The ACase 2-in-1 was much better, Acase 2 in 1 Stylus + Pen for Apple iPad 16GB, 32GB, 64GB WiFi + 3G, iPad 2, iPhone, iPod, Motorola Xoom, Samsung Galaxy, BlackBerry Playbook (Black). The weight was right and it felt balanced in the hand. The tip was more responsive when writing or sketching perhaps due to larger surface area in contact with the screen. However, I still prefer the Targus Targus Stylus for Apple iPad 16GB, 32GB, 64GB WiFi + 3G, iPad 2, iPhone, iPod, Tablet AMM01US overall for writing on iPad 2 as it is the most responsive of all and has a matte finish stem rather than ACase's smooth finish which makes it a little less slippery to hold. The iPad 2 is already so slinky, I don't want to worry about dropping the stylus too!!
I've also heard good things about the Boxwave and Alupen but haven't tested them so I can't say if they're better than Targus.
So there you have it, Targus was the winner in writing and sketching but still a 3.8/5 compared to the 3 stars for ACase 2nd Gen stylus.
Best stylus for GTab? - xda-developers
I have been using the DAGi Capacitive Stylus. It has a unique transparent plastic round flat tip, so that you can see through the tip and it doesn't obscure the area you are touching with the stylus.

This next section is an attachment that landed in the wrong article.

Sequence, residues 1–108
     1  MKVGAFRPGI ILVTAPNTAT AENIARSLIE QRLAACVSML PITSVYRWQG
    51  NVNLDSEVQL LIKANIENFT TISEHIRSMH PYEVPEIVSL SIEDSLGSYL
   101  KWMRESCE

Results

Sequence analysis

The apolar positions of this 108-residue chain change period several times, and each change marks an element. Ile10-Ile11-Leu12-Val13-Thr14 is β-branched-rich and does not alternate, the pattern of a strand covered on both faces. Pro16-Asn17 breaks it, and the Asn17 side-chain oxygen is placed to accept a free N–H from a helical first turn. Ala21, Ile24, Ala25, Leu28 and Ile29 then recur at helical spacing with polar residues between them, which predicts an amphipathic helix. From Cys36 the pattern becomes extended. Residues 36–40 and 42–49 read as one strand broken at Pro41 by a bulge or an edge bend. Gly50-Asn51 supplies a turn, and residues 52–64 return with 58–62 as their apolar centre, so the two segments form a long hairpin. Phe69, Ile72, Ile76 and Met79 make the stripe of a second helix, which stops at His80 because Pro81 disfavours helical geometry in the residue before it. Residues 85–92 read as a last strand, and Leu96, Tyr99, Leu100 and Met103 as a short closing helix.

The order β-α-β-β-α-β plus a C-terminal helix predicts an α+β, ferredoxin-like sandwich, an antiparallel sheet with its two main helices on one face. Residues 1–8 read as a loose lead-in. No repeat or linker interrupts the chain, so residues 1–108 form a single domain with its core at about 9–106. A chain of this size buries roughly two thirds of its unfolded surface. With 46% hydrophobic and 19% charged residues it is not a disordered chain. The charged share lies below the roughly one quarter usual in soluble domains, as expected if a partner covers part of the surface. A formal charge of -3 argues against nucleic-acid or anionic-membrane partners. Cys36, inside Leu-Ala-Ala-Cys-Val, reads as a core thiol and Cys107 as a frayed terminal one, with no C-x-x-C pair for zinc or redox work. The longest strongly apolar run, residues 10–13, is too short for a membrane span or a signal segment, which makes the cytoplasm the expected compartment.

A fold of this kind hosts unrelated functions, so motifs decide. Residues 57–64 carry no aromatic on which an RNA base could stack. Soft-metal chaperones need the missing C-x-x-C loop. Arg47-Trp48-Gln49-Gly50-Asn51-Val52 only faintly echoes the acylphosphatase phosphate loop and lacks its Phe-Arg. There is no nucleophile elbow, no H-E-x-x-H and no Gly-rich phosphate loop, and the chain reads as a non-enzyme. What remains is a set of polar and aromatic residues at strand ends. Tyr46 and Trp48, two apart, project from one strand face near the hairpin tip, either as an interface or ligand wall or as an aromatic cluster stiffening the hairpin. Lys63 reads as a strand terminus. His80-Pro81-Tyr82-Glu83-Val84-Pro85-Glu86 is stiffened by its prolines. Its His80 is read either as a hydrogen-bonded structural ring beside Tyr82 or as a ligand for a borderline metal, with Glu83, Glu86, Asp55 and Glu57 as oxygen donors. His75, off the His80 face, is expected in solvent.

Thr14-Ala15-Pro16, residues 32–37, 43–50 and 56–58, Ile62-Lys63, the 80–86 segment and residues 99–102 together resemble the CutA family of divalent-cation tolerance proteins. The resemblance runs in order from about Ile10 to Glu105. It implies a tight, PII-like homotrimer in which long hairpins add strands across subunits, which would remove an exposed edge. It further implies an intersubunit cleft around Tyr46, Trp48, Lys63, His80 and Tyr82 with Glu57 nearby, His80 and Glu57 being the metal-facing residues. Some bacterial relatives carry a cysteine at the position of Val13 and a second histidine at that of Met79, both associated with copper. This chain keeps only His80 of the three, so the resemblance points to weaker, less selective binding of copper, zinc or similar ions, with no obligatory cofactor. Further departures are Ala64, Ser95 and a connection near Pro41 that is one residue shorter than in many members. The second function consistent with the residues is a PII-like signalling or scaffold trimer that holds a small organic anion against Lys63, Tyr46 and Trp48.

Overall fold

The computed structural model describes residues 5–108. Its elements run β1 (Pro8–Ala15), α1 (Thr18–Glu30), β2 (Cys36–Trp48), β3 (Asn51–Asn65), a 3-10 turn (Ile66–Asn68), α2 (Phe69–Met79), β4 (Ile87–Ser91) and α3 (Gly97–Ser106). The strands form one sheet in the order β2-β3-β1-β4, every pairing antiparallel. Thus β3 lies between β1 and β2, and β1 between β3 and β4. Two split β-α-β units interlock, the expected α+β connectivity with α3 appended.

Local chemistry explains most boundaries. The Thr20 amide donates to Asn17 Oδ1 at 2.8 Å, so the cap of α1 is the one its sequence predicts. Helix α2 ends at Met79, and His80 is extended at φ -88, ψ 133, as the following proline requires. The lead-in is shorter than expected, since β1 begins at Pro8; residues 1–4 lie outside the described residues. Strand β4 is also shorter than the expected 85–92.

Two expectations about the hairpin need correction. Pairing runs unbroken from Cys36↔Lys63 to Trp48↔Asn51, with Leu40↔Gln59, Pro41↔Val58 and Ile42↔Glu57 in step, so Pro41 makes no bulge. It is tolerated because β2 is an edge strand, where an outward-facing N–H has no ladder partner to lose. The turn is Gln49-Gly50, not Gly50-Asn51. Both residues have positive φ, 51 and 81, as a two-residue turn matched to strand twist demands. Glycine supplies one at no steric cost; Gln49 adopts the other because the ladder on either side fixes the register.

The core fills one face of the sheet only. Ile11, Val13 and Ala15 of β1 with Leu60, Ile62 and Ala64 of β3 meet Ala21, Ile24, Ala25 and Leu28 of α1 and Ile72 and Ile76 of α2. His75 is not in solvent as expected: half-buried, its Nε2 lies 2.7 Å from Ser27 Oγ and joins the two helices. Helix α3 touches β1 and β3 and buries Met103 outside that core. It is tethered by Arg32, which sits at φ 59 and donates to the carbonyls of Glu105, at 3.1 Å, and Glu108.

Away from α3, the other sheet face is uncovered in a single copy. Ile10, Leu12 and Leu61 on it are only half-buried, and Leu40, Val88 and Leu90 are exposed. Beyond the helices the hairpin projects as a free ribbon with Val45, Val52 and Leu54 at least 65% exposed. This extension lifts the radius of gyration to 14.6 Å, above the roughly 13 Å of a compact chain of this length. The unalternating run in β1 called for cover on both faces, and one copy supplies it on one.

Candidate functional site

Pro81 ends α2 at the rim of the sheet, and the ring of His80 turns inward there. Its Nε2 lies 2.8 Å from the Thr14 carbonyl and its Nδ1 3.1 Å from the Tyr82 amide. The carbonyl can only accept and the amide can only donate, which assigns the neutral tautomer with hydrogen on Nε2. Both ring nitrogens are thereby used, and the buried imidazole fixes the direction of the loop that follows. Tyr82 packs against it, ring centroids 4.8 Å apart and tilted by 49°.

I also tried the Acase 2nd generation stylus, which has a soft rubber hollow tip. I found I really have to press down hard with that stylus to get it to register well.
George at MacRumors.com
Final Verdict - (1) Boxwave, (2) Acase, (3) AluPen
In the end, I would recommend the Boxwave over the other pens. It is accurate, does not require a lot of push to "register" on the iPad, and still feels good in your hand. I would have picked the Acase in a heartbeat if it registered touches as nicely as the Boxwave or AluPen does. The AluPen just feels a bit awkward, bulky, and "drags" a bit when trying to right on the edge of it.
Jody at Amazon